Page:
Fraser would probably take a much longer discussion, but he started trying out monetarism, found it too difficult, then resorted to Keynesian vote buying and spiralled into massive inflation and massive deficits.

            It is even more complicated on the banking and building front, because state governments make a lot of money out of the building industry (via taxes) so they have a strong incentive to keep land prices high. State governments control the release of land for building and they control the permits (you will note that Australia has no shortage of land). Thus land is perpetually throttled in Australia and governments use this to collect revenue from the people. Your banker is in effect also your tax collector.

  2. Major-Freedom says:

    Thanks for the “feet on the ground” article.

    David Walker, former comptroller general of the GAO, was also warning about this, back in 2007:


  3. hoosierXLC says:

    I just realized, reading this, that I must sound like Sarah Connor or Cassandra when I talk about this stuff with my friends.

  4. Matt Tanous says:

    “The so-called Phillips Curve, which charts the alleged unemployment/inflation tradeoff, can shift when people’s expectations change.”

    Well, it would, Bob, if it ever existed in the first place. Don’t you read Hazlitt? http://www.amazon.com/What-Should-Know-About-Inflation/dp/1162557435/ref=tmm_pap_title_0

    • Matt Tanous says:
    • Bob Murphy says:

      I would have thought “so-called” and “alleged” would have shielded me from a lecture, but “I guessed wrong” as Austin Powers would say.

      • Matt Tanous says:

        Ah, yes. That’s what I get for skimming. Still, one can never go wrong with recommending Hazlitt, I think.

        • Tel says:

          Irving Fisher: Employment is then stimulated—for a time at least.

          The last qualification says it all: the boost is temporary. I would argue that the critical time came and went at least a decade ago, probably several decades ago.

          Of course, all inflation has a time lag, because some numpty ends up being the last guy to raise prices, and that’s the guy who really paid for the rest of the chain.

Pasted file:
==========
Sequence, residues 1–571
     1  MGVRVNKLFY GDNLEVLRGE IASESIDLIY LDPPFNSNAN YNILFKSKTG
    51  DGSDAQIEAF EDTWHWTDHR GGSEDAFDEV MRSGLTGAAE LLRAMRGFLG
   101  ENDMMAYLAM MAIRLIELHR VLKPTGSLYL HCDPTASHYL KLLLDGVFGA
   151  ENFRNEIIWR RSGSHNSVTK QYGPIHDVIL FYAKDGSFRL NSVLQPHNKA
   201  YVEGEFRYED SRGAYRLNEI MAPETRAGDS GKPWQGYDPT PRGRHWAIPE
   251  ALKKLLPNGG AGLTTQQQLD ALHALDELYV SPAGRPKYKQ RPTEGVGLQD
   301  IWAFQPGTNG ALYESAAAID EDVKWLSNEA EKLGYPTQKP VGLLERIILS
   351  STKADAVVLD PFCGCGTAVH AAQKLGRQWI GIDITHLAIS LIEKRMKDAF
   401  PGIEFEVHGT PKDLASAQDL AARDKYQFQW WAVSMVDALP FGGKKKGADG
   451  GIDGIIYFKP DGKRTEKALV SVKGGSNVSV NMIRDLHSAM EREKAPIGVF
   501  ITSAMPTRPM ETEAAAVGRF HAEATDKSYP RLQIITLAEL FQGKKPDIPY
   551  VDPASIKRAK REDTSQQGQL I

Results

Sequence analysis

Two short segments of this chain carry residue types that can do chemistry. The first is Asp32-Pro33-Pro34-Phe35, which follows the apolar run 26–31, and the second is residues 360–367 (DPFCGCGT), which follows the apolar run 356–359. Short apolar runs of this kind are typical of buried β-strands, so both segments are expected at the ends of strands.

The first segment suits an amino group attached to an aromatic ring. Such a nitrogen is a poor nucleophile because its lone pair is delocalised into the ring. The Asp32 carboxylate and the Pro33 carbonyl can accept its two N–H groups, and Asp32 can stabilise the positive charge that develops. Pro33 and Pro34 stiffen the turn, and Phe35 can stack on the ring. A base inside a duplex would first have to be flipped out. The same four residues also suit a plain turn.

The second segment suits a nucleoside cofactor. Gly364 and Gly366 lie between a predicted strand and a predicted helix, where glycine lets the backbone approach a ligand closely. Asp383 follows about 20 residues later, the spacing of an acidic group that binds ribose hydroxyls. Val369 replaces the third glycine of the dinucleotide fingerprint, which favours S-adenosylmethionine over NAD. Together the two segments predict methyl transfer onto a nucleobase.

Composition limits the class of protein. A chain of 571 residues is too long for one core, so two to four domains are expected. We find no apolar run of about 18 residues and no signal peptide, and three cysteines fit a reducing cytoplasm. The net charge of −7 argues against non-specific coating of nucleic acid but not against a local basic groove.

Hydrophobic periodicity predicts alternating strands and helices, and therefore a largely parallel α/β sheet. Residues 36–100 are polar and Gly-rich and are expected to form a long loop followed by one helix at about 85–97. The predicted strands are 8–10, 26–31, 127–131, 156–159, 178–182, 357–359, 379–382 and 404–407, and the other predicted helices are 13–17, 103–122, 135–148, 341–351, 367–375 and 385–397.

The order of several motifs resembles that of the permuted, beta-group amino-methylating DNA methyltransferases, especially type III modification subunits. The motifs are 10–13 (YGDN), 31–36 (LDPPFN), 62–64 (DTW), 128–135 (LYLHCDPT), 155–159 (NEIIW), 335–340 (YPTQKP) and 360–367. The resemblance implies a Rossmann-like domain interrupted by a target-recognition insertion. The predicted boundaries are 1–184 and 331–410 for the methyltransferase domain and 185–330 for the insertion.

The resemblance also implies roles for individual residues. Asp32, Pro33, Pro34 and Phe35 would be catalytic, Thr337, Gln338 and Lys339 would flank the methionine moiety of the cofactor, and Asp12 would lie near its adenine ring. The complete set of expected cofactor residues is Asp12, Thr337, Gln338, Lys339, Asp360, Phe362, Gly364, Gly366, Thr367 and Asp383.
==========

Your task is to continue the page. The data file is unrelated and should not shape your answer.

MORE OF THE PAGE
5. anon says:

    As time passes, the unofficial indebtedness of Social Security and Medicare will show up as “official” debt when Uncle Sam has to enter the bond markets to cover the shortfall between beneficiary payments and incoming payroll taxes.

    At least regarding Social Security I believe this runs counter to law. Social Security is legally prohibited from paying out more than it takes in. Social Security’s owns bonds because it previously took in more than it paid out. If Social Security can’t meet payments then either the law will be changed, taxes will be raised or benefits will be cut. You may believe the law will be changed, but it’s not set up that way now. (Although, the payroll tax holiday the past couple years maybe complicates this, but you didn’t talk about that in your article.)

    If you want to get rid of Social Security so bad you should come right out with it and not spread misinformation.

    Also, it’s the rise in medical costs that are driving the debt, not social security. If you’re so worried about the debt then you should be open to lower cost systems like in France, Germany, Britain, Canada, Japan and Israel. (Dean Baker claims that with lower healthcare costs we’d be facing budget surpluses.)

    • Matt Tanous says:

      “If Social Security can’t meet payments then either the law will be changed, taxes will be raised or benefits will be cut.”

      First, those bonds that the SSA holds will be cashed out and bought using new bonds issued by the general Treasury. Thus, the current debt held by the SSA shifts over to the actual recorded debt levels.

      • anon says: